UK Gov Secures Global Pact to Combat Fraud

The Home Secretary has secured a new agreement with world leaders to tackle fraud.

All G7 and Five Eyes nations, as well as Singapore and South Korea, have agreed a communiqué which recognises fraud as an organised, transnational threat that has become one of the most prevalent global issues.

The document, released on day 1 of the world's first Global Fraud Summit, sets out a 4-point framework to combat fraud together.

Under this framework, signatories have pledged to enhance law enforcement cooperation, improve victim support and bolster intelligence sharing.

Nations have also set out a clear requirement for collaboration with the private sector to prevent fraud.

Home Secretary James Cleverly said:  

We've been clear that the global community needs to unite to fight fraud head on and this communique is a massive step forward.  

The United Kingdom and our friends at this summit possess the finest law enforcement agencies in the world.

We have already reduced fraud by 13% in England and Wales. New action from the international community will help reduce that even further.

Security Minister Tom Tugendhat said:

Fraud is a cruel crime that wrecks lives around the world.

This communiqué will strengthen and step up international joint working to fight fraud, showing our Fraud Strategy continues to deliver.

The communiqué recognises the impact of fraud is devastating and universal across the world, even if specific crime types may vary in different regions.

It paves the way for closer working practices between international law enforcement agencies.

Intelligence sharing between law enforcement agencies will be ramped up, with operational resources also enhanced. This will help ensure a comprehensive threat picture is maintained, and that action is taken against criminals operating across borders.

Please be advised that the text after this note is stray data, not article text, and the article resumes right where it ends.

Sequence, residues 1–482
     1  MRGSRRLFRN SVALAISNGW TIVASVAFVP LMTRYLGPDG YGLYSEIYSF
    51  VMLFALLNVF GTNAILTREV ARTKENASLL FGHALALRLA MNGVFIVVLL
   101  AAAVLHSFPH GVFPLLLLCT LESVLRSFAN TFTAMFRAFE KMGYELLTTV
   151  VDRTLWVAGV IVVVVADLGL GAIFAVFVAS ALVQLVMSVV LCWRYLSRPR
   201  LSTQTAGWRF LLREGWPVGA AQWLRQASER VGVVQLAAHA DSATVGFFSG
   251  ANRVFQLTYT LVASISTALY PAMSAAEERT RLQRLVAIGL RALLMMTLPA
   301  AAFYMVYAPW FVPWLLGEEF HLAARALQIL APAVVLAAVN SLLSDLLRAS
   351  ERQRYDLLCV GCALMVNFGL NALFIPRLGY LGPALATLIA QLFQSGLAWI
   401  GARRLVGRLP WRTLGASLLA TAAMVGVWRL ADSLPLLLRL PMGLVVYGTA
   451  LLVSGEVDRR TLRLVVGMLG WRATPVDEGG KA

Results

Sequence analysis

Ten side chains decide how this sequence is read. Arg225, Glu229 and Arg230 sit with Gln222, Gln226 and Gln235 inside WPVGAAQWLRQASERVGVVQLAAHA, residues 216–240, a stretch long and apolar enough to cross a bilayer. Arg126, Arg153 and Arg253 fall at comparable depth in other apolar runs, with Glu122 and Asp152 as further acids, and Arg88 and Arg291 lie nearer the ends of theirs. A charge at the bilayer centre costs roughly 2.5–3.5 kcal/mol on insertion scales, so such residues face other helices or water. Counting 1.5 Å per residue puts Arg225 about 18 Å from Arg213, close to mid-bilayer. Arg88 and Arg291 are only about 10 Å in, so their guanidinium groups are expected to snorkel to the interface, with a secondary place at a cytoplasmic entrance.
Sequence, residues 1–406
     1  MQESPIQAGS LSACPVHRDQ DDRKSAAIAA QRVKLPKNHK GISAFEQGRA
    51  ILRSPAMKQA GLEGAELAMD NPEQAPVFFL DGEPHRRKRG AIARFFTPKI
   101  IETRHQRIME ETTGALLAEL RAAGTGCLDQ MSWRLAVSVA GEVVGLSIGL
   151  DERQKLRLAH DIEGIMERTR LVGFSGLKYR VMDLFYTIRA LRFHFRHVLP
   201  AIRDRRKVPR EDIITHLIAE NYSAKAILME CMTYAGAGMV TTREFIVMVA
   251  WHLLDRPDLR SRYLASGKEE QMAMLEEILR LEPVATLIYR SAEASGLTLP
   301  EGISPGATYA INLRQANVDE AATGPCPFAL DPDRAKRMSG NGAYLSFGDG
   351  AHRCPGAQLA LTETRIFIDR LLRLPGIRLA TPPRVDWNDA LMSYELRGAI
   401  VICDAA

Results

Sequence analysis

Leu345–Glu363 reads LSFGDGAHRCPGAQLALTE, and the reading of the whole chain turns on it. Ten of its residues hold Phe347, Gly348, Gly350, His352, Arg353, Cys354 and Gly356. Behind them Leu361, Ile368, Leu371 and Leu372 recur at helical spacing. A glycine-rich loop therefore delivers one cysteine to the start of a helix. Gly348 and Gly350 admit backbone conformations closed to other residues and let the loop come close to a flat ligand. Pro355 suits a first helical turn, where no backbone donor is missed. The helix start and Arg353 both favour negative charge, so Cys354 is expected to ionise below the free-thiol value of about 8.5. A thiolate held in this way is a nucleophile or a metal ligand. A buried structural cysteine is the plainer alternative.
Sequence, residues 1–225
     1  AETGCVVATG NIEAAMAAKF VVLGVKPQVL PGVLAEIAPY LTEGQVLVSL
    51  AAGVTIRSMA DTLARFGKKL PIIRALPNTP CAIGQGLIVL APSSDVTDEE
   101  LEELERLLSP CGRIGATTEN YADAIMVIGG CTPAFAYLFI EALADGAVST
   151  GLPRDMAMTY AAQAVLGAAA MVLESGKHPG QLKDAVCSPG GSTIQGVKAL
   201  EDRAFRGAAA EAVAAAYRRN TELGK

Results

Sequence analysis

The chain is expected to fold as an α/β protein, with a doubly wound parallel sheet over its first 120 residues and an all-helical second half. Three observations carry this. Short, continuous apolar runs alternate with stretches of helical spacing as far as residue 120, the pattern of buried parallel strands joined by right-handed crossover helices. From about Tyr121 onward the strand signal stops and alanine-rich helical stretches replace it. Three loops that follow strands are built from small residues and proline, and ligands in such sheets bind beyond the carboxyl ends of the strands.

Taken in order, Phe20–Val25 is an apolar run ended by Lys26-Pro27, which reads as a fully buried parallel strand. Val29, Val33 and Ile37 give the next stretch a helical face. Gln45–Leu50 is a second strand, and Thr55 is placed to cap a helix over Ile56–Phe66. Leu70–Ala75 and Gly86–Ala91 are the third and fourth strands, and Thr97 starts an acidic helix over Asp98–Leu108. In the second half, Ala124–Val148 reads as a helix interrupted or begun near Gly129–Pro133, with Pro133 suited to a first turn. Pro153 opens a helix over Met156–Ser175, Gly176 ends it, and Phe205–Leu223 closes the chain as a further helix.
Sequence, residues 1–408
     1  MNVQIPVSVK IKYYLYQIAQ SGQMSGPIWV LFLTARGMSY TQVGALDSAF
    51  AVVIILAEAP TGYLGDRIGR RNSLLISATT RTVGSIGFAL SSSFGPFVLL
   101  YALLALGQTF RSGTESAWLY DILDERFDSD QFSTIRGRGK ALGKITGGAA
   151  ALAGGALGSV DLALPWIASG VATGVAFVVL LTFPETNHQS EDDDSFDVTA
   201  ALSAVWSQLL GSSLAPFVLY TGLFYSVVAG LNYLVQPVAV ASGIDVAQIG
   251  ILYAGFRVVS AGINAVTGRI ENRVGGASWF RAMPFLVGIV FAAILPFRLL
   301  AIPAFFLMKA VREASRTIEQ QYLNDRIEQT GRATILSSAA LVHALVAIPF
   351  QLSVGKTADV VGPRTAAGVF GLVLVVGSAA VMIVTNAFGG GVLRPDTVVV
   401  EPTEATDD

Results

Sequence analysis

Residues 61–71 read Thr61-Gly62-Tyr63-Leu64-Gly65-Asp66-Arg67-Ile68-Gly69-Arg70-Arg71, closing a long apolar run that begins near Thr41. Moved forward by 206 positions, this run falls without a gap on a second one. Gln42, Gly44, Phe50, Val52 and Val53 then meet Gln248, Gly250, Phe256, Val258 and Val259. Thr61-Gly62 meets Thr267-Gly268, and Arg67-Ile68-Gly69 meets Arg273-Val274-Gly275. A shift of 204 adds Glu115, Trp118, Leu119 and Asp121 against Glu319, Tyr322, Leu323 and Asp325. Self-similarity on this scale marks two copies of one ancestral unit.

Nations will also to explore ways to improve the repatriation of fraudulently acquired funds from bank accounts across jurisdictions and recover illicitly gained assets.

The use of all diplomatic levers, including sanctions and visa bans, to disrupt organised crime groups will also be further explored.

Separate to the communiqué, a new operational arrangement between the UK and the US was confirmed by the Home Secretary. That agreement was a new way of working between the NCA, FBI, United States Secret Service and Homeland Security Investigations to specifically tackle call centre fraud.

The communiqué also outlines the necessity of preventing fraud.

Global citizens are spending an increasing amount of time online, which has provided fraudsters with an opportunity to target victims through digital platforms. Around 80% of fraud experienced in the UK is estimated to be cyber-enabled.

Nations have therefore made it clear that industry, including social media companies and online messaging platforms, are expected to take further action to prevent fraud. This includes an increased effort to identify and remove fraudulent posts.

The UK has led the way in this approach, with the launch of the Online Fraud Charter in November 2023. The charter sees leading tech companies committing to a series of preventative fraud measures including requiring dating sites to allow their users to opt to interact with verified people only, verifying new advertisers and swifter take down of fraudulent posts.

The summit will continue tomorrow (Tuesday), with a series of working level meetings between government officials, the private sector, law enforcement and civil society organisations.

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